Cultivating change

Three years ago, the Sustainable Living Institute of Maui introduced itself to the community with a glitzy private lu`au held on the lawn of an oceanfront Olowalu plantation home. To some, it appeared to be just more window dressing for CEO David Cole’s complete makeover of Maui Land & Pineapple, Inc., one of SLIM’s founding partners.

But clearly, with last weekend’s two-day Island Sustainable Living Expo at Maui Community College, SLIM has hit its stride as an influential force in the community. The ambitious slate of panels, speakers, displays, music and food attracted hundreds of people and generated interest in the push for local food, energy and economic stability.

The seeds of change were evident, from electric vehicles parked on the great lawn to a variety of displays on local building materials, alternative energy strategies and homegrown ideas for food and business. Attendees even found a packet of herb or vegetable seeds stapled inside their conference packet.

Yet there were also reminders of our current limitations and non-sustainable ways: the drone of air conditioning in a room equipped for cross-ventilation, but with windows shut; a food concessionaire using Styrofoam bento containers; and lots of rah-rah rhetoric where clear leadership and action is required.

And why bother planning at all, asked one speaker at the end of a long first day of speakers and panel discussions. Elizabeth Cole, Deputy Director of the Kohala Center on the Big Island was asked to address what it will take to design a Maui Island Food and Energy Sustainability Plan.

“Traditionally in Hawaii,” said Cole, “we make big plans but never implement them and they sit on a shelf somewhere.” She recommended doing detailed “whole systems analysis” studies, with good number crunchers for energy, and seeking ways to combine different cycles such as converting waste to fertilizer. The Kohala Center has, in fact, prepared research reports covering waste management, food systems and the Hawaii Island Energy Sustainability Plan. She emphasized that we need such good, credible information on which to base our vital decisions for the future.

“We need to cast our nets as widely as possible,” Cole said, “and allow for public input, really engage the public. Entrenched thinking is hard to change, so we need to find points of agreement to work from.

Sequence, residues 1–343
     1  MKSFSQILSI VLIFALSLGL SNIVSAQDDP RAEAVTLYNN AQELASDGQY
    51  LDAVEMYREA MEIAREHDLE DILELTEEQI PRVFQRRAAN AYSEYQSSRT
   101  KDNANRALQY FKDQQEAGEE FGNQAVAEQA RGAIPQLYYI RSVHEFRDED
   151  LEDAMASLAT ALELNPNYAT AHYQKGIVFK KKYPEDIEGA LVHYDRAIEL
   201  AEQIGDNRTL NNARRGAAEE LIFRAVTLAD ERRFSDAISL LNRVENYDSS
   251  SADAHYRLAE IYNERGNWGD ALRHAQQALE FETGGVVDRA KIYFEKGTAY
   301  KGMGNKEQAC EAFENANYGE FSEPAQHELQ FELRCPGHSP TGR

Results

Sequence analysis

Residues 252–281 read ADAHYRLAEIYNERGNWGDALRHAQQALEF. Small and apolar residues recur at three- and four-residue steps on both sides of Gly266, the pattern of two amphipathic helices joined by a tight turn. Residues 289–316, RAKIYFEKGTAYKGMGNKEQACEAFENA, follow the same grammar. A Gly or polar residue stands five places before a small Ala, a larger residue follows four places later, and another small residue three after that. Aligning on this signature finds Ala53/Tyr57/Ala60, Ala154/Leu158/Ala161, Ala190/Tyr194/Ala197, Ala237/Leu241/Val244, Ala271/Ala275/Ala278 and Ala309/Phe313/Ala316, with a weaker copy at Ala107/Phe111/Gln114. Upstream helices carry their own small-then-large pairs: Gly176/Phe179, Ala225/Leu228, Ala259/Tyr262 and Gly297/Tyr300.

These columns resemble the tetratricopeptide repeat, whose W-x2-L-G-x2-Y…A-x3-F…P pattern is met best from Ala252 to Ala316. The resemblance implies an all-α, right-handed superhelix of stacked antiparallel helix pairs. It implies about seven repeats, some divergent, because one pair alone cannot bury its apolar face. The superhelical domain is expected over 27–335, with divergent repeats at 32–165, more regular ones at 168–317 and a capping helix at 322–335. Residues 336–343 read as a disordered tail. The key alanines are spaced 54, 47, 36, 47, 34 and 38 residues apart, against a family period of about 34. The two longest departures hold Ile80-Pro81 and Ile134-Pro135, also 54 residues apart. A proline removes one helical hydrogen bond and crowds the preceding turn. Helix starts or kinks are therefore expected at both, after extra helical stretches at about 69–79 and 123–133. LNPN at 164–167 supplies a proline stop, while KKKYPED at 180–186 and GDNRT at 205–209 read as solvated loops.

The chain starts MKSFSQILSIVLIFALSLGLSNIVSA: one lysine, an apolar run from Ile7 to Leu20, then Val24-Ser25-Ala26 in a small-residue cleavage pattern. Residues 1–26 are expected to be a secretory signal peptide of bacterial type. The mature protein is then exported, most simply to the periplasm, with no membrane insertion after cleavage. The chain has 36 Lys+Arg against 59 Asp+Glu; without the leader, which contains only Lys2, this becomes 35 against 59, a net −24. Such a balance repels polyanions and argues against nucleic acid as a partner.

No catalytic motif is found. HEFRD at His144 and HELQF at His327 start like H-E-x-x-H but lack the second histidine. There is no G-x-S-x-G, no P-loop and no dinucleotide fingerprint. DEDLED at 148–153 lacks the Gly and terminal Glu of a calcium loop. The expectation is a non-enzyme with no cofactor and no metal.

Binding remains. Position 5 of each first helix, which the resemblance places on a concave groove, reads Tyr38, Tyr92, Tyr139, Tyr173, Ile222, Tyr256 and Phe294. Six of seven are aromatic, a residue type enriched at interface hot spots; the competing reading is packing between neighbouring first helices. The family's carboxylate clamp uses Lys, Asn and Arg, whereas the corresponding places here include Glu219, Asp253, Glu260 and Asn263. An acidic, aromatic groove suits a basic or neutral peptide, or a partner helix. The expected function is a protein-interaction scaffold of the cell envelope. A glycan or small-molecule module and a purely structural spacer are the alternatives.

“Ideas shouldn’t remain in paperwork,” she continued. “Don’t leave implementation to chance. You need to find dedicated, qualified people and pay them a living wage.”

Keynote speaker Michael Hamnett, Executive Director of the Research Corporation of the University of Hawaii, began the day with a sobering, no-nonsense message. “Expect a serious drop in tourism,” Hamnett said. “It’s a bad outlook long-term as our economy sags while energy costs go up.”

Hamnett showed figures for the amount of land needed to produce just 20 percent of our ethanol needs from sugar cane—all 47,000 acres currently planted statewide, plus another 83,000 acres. “There ain’t enough land and water,” he emphasized, “for biofuels at the current technology.”

Continually balancing bad news with good news, he said that the $11 billion spent yearly on importing food and energy (fuel=$6 billion, food=$5 billion) can be reinvested locally and represents a, “tremendous market opportunity,” to bolster our economy.

Hamnett said scientists predict that even if current green house gas emissions ended tomorrow, they will continue to affect our climate for another 30 years. Coral bleaching, ocean acidification and sea level rise are serious matters to us, he noted.

“Energy conservation,” said Hamnett, “is the biggest resource we have and possibly the most underutilized.” Reducing fossil fuel use and food imports for greater sustainability will require strong commitments and significant lifestyle changes. “There’s no free lunch,” Hamnett concluded, while noting, “we’ll probably have to eat less meat.”

Hamnett’s message was echoed by Steve Quirt, Organic and Sustainable Agriculture Coordinator for Marin County, in partnership with the University of California Cooperative Extension. “We’re going to have to make some major changes,” said Quirt, sporting a surfer’s mop of graying hair. “All of us, everywhere.” 

Quirt provided examples of Marin farming operations streamlining the distance from field to market and finding niche markets for “value-added” food products. He stressed the necessity of cooperation and partnerships, and recounted as an analogy how he and several passing motorists stopped and worked together to push a large boulder off a Maui highway during one of his previous visits.

Quirt submitted that one of the easiest ways to partner is to support local farmers. “The commodity system is a stranglehold to the small farmer or the new farmer,” he said. “Get closer to your market.